Developing scalable financial mechanisms for natural capital
Jeremy Pannell is Senior Corporate Finance Manager at Triodos Bank, Europe’s leading sustainable bank and the headline sponsor of the Natural Capital Investment Conference. In this blog he discusses the potential for private sector investment to play a transformative role in restoring our natural capital.
Our mission at Triodos Bank is to make money work for positive social, environmental and cultural change. In natural capital investment we see another opportunity to do just that.
We’re all familiar with the consequences of consumer overspending – overdrafts; credit cards; and expensive credit agreements all present opportunities to spend beyond our means. Translating this financial capital model to natural capital is crude but nonetheless valid. When we take too much from the global stock of natural assets – whether through excessive deforestation or overfishing – we threaten biodiversity and risk destabilising communities. Ultimately, we risk bankrupting our greatest gift.
We need to start by ensuring we don’t think of financial capital and natural capital in discrete silos. We often hear that ‘nature is priceless’ and of course this is true. But we must also think about how we fund the preservation of our planet and its resources to provide stability and sustainability to its inhabitants.
If we start to marry the languages of the natural capital and finance capital worlds we start to realise that the environmental, social and economic ‘price’ of not acting to preserve our natural assets is huge. And the multi-layered ‘return’ available to investors looking to fund credible natural capital programmes is potentially significant.
...the multi-layered ‘return’ available to investors looking to fund credible natural capital programmes is potentially significant.
For nature to continue giving – whether clean air or food provision – we must embed our approach to natural capital into our more familiar financial frames of reference. Natural capital investment can help address imbalances by funding the preservation and replenishment of our ecosystems. Low interest rates and demand from impact-driven investors are providing some much-needed momentum to the natural capital investment movement.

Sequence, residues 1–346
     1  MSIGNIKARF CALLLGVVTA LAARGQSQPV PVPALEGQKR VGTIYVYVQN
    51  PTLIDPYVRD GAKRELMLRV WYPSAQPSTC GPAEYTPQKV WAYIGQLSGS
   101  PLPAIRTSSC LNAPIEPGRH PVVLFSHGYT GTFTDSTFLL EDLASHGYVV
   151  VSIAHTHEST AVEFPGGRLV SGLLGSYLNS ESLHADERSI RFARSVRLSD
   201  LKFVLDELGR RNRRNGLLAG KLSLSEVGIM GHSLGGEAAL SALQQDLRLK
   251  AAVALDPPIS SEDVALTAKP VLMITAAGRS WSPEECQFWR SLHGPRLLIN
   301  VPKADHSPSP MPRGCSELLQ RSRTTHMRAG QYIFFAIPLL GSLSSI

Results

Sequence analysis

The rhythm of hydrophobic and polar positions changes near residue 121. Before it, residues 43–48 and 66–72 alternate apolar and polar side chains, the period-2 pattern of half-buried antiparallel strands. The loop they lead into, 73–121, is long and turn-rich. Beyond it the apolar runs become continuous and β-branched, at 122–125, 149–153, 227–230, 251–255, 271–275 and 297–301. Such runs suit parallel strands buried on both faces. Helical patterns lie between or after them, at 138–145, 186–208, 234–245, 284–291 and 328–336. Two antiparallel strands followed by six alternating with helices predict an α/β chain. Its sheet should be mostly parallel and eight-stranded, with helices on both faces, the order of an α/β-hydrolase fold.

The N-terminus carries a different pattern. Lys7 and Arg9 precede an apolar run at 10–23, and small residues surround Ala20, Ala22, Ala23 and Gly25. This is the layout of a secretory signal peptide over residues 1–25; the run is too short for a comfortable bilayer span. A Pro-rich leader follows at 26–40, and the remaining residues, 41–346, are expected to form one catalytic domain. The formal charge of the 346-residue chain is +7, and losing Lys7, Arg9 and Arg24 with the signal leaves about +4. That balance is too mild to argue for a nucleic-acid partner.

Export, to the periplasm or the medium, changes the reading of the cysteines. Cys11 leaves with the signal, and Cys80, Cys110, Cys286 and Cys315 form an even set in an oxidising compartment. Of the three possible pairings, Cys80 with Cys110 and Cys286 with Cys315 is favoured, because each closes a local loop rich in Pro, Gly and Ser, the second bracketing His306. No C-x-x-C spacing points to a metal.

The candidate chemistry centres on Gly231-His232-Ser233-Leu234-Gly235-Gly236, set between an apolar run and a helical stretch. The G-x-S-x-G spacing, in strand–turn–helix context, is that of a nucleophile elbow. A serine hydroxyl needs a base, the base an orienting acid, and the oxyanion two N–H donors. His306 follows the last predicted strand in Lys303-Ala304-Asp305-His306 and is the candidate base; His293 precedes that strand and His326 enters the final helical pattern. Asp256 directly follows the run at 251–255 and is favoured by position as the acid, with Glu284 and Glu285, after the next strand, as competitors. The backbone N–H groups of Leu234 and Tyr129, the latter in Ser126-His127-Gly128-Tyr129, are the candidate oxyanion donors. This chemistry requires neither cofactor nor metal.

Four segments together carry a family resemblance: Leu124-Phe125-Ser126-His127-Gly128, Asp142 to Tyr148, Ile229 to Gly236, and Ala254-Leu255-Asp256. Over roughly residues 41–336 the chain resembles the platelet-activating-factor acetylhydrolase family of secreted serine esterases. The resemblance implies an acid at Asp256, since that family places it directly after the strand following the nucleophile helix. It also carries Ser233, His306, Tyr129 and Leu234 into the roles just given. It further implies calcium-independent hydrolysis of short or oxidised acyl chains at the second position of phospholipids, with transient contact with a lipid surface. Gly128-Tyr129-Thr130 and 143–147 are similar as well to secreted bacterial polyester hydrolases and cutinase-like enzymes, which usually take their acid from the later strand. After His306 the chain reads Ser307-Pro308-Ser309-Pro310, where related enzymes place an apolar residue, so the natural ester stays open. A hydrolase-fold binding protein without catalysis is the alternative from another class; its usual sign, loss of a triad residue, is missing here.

A notable proportion of natural capital funding to-date has been grant-based. However, against a backdrop of austerity, public funding is under pressure and so we must continue to look to private capital to play a transformative role. At Triodos Bank we’ve seen first-hand through our work with social impact bonds how the involvement of private investment in the provision of social good can be very successful – the same could potentially be true of the natural capital sector.
We need to start laying the foundations
Whilst natural capital investment remains an embryonic concept, global precedents have emerged - not least the concept of ‘Nature Conservation Notes’, where individual investors can invest in projects where financial returns are generated through conservation land sales, carbon markets and premium agricultural products. Investment, whether from green-minded banks or environmentally-focused institutional investors, is available for deployment in the right projects. On top of this ordinary people are increasing looking to direct their savings and investments into local, environmentally conscious schemes.
Some form of financial return is needed to access this investment and such returns have not been readily accessible in the sector to-date. A challenge sometimes levied is that ‘investment-ready deals’ are few and far between. The Natural Capital Investment Conference will seek to address this by bringing together key stakeholders – the natural capital community, investors and government – and encouraging honest dialogue. This is the best way to deliver tangible opportunities for investing going-forward.
Of course, blending public and private funding is likely to remain the key. In the charitable space we’ve seen the introduction of social investment tax relief (SITR) as a means of encouraging individual investment. Government initiatives, such as supportive regulatory and tax environments, and financial incentives such as funding first loss layers, or providing grant funding to access investment-readiness advisers are likely to play an equally catalytic role here too.
The Conference will provide clarity on what ‘investment-readiness’ means and how we can collectively create clear models for investable projects
The Conference will provide clarity on what ‘investment-readiness’ means and how we can collectively create clear models for investable projects – crucially to identify what’s needed from all stakeholders to “get deals done” and bring about positive environmental change. We cannot address global ecosystem challenges unless we seek to operate at scale but creating credible local investment opportunities is part of the critical pathway – in aggregate, funded schemes of this scale provide the platform for positive national and global change.
Jeremy Pannell works within the corporate finance team at Triodos Bank UK, advising on capital raising projects. Prior to joining Triodos seven years ago, Jeremy worked for a regional corporate finance boutique. During his two years there, Jeremy worked closely with SMEs, advising on management buy-outs, equity raising and company valuation. Previously Jeremy spent five years with Smith and Williamson, focusing on audit mandates for both owner-managed businesses and AIM listed clients.
Contact : Jeremy.Pannell@triodos.co.uk | 0117 980 9592